DNS stands for "Domain Name System". It's the phonebook for the internet.
Imagine you want to call your friend. If you memorized their phone number, you can dial it to reach them.
But if you have a lot of friends, it can be difficult to memorize everyone's phone number.
A phonebook lets you get the phone number for your friend; all you need to know is their name. Memorizing a name is a lot easier than memorizing a phone number.
DNS is similar. You want to visit a website served by a server. If you memorized the server's IP address, you can reach them directly.
Try this out yourself.
Mac users can run
nslookup www.google.com. You should get an IP address in your result. Copy and paste that IP address into your browser. That should bring you to
DNS lets you get the IP address for the server; all you need to know is their domain name.
When you enter a domain name into your browser, it looks up the IP address.
First, it checks if it already knows it. Someone else might have looked up the address before.
Then, your browser makes requests to DNS name servers. Name servers store DNS records for a domain. They receive queries for names, and return IP addresses.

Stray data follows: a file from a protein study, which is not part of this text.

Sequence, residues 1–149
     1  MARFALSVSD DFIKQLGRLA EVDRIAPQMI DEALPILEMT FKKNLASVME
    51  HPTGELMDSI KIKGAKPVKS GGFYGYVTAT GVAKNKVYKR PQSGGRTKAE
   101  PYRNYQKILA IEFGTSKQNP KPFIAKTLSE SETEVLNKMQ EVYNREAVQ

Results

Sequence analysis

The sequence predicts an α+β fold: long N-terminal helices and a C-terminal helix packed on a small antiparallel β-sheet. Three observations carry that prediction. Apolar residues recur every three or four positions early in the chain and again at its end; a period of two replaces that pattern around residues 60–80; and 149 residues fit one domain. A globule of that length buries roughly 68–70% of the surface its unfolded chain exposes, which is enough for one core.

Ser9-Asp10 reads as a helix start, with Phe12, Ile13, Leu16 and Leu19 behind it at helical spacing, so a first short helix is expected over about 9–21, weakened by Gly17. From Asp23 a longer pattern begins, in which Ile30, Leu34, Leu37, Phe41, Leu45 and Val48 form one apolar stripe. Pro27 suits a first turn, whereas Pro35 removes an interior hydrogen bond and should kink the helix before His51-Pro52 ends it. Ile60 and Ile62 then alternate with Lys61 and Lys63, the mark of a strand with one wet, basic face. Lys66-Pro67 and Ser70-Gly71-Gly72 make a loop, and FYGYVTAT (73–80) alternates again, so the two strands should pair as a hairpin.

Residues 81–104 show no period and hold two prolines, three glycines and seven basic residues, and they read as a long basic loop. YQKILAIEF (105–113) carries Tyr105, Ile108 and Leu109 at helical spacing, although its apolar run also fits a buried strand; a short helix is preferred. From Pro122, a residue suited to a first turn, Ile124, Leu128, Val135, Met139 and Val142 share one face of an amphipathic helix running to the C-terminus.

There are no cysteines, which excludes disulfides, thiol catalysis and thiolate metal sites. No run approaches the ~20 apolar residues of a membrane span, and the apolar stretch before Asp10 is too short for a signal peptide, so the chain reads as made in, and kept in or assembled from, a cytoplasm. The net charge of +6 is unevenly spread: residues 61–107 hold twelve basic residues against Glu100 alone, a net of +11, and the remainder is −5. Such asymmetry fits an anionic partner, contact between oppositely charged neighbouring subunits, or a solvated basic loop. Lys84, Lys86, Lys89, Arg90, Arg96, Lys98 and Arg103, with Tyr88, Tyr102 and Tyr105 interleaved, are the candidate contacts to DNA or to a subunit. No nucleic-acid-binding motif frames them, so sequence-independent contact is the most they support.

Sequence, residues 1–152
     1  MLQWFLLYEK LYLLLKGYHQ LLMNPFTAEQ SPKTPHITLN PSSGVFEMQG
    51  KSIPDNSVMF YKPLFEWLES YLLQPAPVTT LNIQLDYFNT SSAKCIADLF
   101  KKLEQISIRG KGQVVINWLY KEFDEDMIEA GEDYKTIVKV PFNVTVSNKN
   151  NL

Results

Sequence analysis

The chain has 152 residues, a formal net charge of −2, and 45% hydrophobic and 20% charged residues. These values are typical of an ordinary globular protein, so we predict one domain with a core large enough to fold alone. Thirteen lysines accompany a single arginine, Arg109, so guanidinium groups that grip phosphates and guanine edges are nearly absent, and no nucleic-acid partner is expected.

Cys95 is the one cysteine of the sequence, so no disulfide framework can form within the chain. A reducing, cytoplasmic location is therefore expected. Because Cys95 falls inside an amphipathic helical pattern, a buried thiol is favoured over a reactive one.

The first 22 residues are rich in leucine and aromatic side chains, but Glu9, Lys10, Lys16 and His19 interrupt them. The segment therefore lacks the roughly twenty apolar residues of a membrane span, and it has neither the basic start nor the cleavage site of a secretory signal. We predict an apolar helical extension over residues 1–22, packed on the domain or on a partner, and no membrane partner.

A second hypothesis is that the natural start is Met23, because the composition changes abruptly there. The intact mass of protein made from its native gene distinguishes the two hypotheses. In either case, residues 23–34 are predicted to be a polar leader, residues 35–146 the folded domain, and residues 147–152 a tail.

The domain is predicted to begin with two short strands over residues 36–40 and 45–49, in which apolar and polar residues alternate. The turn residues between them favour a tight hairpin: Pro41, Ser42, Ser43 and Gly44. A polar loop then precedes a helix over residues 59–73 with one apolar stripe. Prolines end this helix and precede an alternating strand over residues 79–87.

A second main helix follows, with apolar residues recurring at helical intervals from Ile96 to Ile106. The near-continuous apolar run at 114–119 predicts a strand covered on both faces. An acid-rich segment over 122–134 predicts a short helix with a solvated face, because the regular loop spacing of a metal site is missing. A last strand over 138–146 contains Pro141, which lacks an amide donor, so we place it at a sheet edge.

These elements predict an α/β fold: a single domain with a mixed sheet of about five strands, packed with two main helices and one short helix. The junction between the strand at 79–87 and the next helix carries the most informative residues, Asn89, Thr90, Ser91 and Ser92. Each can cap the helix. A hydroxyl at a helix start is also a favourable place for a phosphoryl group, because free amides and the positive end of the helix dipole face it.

Name servers are organized into a domain hierarchy. Each domain has its own name server.
For example, let's imagine you're visiting
www.wikipedia.org. We ask the
root name server. This is the top of the hierarchy and knows about all domains.
root name server might not have the DNS record for
www.wikipedia.org, but redirects you to the
.org name server. We ask the
.org name server. It might have the DNS record for it, or it might direct you to another name server that has it. Eventually, you'll get back the IP address for
There are name servers all around the world. If you were in Japan, you could get a different IP address for
www.google.com than someone in San Francisco. This allows you to access servers that are physically closer to you, so you can have a faster experience.